In the coming weeks and months, data from the New Horizons' flyby will continue to be received by the mission controllers. Two black-and-white pictures were released, with a resolution as fine as 140 meters (460 feet) per pixel.
"That image is so 2018".
The colour variation shows just how dark the object is with the brightest areas reflecting just 13 per cent of the light falling on them.
"It's only really size of something like Washington, D.C., and it's about as reflective as garden-variety dirt", he said.
"We were basically chasing it down in the dark at 32,000 miles per hour".
Images were taken by onboard instruments as the spacecraft zoomed past the world some 2,200 miles from its surface on New Year's Day, just past midnight.
SwRI's Cathy Olkin, one of the mission's deputy project scientists, said the red color could well be due to organic chemicals known as tholins that are coating the surface. Scientists say no impact craters could be seen in the latest photos.
It's called Ultima Thule and it lies about a billion miles beyond Pluto. The Team hopes to set a course for new objects in the near future. The smaller, 9-mile-wide mass was given the nickname "Thule". Mutual gravitational attraction keeps them married despite their gentle, 15-hour rotation.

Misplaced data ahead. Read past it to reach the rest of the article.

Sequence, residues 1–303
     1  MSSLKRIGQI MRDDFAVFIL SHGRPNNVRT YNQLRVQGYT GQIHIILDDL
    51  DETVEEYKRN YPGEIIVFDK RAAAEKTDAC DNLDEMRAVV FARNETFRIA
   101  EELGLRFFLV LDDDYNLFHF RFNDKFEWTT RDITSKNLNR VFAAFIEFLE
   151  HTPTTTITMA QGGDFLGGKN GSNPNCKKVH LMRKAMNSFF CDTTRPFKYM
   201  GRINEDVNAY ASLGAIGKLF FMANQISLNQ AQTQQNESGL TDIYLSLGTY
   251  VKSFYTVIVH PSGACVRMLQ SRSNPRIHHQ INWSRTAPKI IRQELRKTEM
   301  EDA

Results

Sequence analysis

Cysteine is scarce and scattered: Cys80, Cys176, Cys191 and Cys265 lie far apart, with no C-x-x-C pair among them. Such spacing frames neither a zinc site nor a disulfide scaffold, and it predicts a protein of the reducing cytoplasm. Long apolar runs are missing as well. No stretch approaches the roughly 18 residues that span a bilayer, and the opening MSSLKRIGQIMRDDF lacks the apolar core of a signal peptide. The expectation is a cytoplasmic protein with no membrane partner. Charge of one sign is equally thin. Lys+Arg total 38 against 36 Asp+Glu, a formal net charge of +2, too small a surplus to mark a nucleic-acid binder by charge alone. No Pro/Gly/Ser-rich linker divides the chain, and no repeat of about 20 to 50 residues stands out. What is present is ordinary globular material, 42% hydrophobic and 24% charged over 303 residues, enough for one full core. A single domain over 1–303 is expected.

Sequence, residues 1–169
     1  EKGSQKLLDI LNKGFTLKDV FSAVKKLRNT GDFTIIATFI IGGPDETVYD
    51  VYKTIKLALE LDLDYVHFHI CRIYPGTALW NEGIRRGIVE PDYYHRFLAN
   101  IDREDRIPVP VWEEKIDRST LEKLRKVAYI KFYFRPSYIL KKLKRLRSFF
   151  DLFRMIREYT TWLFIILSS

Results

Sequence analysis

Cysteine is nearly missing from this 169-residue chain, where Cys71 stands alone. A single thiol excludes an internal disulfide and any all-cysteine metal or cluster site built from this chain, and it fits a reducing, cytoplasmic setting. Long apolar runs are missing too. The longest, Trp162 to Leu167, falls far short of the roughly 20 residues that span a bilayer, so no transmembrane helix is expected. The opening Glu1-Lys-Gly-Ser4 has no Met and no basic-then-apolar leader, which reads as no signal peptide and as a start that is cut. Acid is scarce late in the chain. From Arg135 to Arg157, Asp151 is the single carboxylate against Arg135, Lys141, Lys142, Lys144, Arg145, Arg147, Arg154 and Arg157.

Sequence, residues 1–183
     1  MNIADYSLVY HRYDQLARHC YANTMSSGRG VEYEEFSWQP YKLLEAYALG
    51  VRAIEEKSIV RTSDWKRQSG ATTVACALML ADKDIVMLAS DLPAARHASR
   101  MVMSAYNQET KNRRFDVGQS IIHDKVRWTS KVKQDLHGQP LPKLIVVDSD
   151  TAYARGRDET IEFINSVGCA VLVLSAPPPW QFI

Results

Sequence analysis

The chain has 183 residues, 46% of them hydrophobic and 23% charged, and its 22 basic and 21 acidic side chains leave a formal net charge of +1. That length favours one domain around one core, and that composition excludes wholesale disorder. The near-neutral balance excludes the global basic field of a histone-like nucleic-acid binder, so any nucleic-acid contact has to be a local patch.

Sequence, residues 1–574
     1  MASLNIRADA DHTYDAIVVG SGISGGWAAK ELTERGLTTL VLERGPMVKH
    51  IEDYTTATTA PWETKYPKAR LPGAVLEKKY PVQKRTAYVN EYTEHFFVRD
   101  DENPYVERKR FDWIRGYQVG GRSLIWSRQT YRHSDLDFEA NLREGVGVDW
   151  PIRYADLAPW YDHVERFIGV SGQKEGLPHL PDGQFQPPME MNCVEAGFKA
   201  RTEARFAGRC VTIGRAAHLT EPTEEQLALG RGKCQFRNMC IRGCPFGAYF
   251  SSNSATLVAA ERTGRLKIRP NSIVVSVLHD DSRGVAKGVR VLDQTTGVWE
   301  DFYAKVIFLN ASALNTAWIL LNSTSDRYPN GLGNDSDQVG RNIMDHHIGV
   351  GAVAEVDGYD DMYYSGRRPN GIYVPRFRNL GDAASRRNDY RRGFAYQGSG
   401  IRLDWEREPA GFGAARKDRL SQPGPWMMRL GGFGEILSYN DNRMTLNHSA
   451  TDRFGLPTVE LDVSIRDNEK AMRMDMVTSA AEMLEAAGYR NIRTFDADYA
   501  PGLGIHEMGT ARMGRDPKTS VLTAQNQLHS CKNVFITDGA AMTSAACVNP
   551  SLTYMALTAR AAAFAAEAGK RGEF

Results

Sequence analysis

"This is the first object we can clearly tell was born this way, and didn't evolve to look this way", Stern said.
The two likely joined as early as 99 percent of the way back to the formation of the Solar System, colliding no faster than two cars in a fender-bender.
Future images sent back to earth will be of a higher quality as they will have been taken closer to the object and will benefit from better sunlight. "The data we have look fantastic and we're already learning about Ultima from up close".
Three views of Ultima Thule.
The object is so old and pristine that it's essentially like going back in time to the beginning of our solar system. It astounded the New Horizons science team, including astrophysicist Brian May.
"New Horizons swept down over Ultima Thule in a technical success beyond anything ever attempted before in space flight", said Stern in a livestream of the press conference on NASA's New Horizons site, and the shot of an elated (which is still an understatement) New Horizons team he put up onscreen spoke for itself.
"The spacecraft is in peak health", said Stern. "That's why we chose it".
What's so special about the Kuiper belt?
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